As announced on December 14, when Alias Robotics confirmed it's entry in Telefónica Tech's investment portfolio, both companies are leading the creation of the first 5G robotics cybersecurity lab worlwide, to be located at Wayra's facilities in Munich. Now, we want to take a closer look at what the CS4R (CyberSecurity For Robotics) lab will be and all the ins and outs of its creation.
The CS4R lab will be placed at Wayra's facilities in Munich. It will also be used as a demo room for RIS (Robot Immune System) and the rest of Alias Robotics' robot cybersecurity portfolio. It will mimic a robotic chain where clients and partners will have the chance to experience and test different robotic platforms, getting an insight of our company's threat intelligence and protection capabilities.
The initial demonstration consists on 3 different robotic platforms, being representative of most used robots. An industrial robotic platform, a collaborative robot, and an AMR (Autonomous Mobile Robot) will be synchronized in a simulated application. "This way we can show how an attacker can break the synchronization by attacking one of the robots and how RIS defends the endpoint once installed" explains Alfonso, our offensive security technician.
Connectivity and synchronization between different robotic platforms is a highly complex task. Different robots and associated components require different connection paradigms, and it is always a technical challenge to interconnect different platforms across such disparate systems.
Each robotic platform has specific vulnerabilities, meaning that threat intelligence needs to be gathered for each platform. An array of cyberattacks will be displayed at the different robotic paltforms at the CS4R lab.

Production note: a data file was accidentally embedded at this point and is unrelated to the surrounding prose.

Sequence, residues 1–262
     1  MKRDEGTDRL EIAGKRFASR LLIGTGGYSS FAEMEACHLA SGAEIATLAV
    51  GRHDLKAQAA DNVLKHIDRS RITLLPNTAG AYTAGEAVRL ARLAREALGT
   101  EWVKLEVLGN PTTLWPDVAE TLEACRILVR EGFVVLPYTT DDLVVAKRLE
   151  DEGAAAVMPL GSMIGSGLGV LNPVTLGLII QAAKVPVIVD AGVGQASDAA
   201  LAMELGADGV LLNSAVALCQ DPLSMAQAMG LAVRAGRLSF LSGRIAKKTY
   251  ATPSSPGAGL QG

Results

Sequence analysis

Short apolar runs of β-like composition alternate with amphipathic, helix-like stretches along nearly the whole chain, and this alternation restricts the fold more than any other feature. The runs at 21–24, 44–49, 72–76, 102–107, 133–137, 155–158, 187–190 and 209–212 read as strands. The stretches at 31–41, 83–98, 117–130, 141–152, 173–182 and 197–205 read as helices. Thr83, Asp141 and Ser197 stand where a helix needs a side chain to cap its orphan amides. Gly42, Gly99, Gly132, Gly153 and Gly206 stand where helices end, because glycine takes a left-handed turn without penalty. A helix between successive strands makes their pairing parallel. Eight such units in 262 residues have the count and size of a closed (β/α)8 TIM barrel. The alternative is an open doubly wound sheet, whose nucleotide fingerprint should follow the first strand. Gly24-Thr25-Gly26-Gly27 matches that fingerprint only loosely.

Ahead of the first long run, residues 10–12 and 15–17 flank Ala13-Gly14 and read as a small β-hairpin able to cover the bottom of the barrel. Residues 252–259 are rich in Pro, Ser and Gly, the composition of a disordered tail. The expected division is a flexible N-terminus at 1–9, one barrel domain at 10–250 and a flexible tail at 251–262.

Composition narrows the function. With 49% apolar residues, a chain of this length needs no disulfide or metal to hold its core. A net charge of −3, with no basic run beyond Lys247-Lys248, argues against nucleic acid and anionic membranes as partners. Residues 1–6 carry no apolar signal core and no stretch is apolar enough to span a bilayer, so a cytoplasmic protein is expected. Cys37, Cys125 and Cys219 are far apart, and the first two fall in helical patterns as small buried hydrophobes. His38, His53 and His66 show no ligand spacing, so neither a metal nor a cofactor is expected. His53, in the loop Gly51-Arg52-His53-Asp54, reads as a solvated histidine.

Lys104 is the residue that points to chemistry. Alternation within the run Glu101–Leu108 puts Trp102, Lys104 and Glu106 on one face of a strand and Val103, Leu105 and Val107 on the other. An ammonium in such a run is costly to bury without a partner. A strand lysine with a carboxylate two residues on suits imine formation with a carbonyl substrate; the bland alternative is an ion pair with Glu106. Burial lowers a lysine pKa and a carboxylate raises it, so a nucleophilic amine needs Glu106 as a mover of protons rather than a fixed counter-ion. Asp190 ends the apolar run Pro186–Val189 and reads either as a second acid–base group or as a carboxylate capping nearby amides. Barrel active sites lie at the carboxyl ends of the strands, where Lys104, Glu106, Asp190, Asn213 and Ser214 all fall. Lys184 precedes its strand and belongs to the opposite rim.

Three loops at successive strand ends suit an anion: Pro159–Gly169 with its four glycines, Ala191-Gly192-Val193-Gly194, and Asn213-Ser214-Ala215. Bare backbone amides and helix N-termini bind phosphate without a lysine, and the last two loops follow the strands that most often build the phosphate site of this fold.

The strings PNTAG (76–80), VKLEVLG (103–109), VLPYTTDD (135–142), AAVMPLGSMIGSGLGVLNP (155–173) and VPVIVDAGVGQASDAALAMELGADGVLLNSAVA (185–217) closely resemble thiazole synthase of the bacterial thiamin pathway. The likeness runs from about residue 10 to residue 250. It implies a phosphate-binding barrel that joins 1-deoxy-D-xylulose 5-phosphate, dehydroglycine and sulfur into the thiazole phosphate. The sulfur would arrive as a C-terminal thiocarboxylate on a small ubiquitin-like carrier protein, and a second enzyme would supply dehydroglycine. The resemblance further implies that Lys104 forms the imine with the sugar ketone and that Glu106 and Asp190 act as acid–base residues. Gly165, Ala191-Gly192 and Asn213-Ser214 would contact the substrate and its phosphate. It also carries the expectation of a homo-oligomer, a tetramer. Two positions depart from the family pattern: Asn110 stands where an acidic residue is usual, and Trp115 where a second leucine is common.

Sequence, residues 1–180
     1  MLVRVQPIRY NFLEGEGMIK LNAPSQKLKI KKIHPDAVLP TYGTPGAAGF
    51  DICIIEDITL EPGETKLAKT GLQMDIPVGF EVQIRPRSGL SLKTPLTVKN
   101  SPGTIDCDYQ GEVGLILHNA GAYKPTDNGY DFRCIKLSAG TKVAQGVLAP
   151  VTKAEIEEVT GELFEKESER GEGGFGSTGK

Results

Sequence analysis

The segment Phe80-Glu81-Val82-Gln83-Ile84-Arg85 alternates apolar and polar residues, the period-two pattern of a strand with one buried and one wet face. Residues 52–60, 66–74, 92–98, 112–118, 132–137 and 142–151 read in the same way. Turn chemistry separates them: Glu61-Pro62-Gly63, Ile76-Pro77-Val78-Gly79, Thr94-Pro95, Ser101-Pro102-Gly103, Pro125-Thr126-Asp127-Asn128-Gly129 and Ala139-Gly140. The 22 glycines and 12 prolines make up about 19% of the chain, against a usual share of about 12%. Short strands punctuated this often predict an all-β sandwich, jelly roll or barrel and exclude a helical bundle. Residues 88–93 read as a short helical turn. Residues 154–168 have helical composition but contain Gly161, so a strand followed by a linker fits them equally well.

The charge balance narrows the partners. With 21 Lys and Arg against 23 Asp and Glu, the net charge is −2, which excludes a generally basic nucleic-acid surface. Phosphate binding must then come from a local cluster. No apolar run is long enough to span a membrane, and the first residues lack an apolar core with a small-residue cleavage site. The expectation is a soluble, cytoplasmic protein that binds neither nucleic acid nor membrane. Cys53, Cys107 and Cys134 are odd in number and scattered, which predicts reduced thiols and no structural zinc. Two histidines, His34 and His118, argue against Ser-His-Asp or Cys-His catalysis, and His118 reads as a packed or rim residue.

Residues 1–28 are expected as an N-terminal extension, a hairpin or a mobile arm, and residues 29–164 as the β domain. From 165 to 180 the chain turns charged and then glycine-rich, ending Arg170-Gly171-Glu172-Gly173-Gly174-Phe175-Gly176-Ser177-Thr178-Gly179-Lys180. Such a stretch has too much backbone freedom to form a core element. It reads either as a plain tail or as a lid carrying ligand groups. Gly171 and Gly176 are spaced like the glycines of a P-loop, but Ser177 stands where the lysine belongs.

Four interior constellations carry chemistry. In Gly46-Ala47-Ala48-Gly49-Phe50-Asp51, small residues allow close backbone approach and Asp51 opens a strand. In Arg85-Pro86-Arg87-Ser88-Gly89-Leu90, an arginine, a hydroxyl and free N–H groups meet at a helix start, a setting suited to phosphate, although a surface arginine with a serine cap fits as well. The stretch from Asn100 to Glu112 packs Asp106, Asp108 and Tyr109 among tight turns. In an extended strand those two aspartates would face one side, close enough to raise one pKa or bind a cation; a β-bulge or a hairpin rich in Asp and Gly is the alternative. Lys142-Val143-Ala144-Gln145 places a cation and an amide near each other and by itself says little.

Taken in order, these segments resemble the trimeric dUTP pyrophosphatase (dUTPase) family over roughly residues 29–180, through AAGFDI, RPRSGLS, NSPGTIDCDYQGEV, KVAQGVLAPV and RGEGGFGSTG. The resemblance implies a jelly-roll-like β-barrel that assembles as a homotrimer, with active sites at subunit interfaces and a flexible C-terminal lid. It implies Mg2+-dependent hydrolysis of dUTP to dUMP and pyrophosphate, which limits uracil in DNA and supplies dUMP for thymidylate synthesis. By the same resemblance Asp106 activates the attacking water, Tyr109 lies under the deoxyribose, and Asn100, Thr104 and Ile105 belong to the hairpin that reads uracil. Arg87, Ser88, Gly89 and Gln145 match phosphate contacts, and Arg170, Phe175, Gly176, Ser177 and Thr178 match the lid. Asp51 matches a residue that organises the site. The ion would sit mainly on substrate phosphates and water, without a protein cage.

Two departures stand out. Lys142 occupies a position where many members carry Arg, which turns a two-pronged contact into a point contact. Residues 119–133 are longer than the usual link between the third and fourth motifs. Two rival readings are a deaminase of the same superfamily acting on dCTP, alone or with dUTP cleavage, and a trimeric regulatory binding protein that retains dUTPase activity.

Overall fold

A remotely triggered denial of service will be showcased as the initial demonstration for the industrial robot. This means the robot's activity can be interrupted by an external bad actor causing major economic cost and operative risk for industrial players.
For the AMR the first attack will be a remote task termination, unexpectedly triggering a halt. This attack in production could be dangerous, e.g if it stops blocking the way of an evacuation area. The second attack will activate a service inside the AMR, in our scenario a sound. The same procedure can be used to activate UV lamp equipped AMRs, which have been used in hospitals due to the COVID-19 pandemic for stirilization.
Finally, the collaborative robot will suffer a remotely denial of service, a ransomware, and a malicious file deployment via USB. "This is the nightmare of any company, as in any of the 3 attacks the loss by stopping the line is substantial. The most common and damming attack is ramsoware, a hijack of the controller until the user pays to get the control back" claims Alfonso.
In order to achieve the reproducibility of the setup, a virtual lab has been created using Gazebo. This virtual laboratory will be a carbon copy of the one in Munich, and the simulated robots will behave exactly as the real ones. Future attendees to this virtual lab will be able to experiment with our robot cybersecurity portfolio in action remotely.
Before CS4R lands at Wayra, RIS has been tested in Telefonica central headquarters in Madrid. During the demonstration, some of the attacks were launched by Alias' team members and stopped by the endpoint protection platform, RIS.
Next steps of CS4R will be in Munich, stay tuned and get informed on our social media.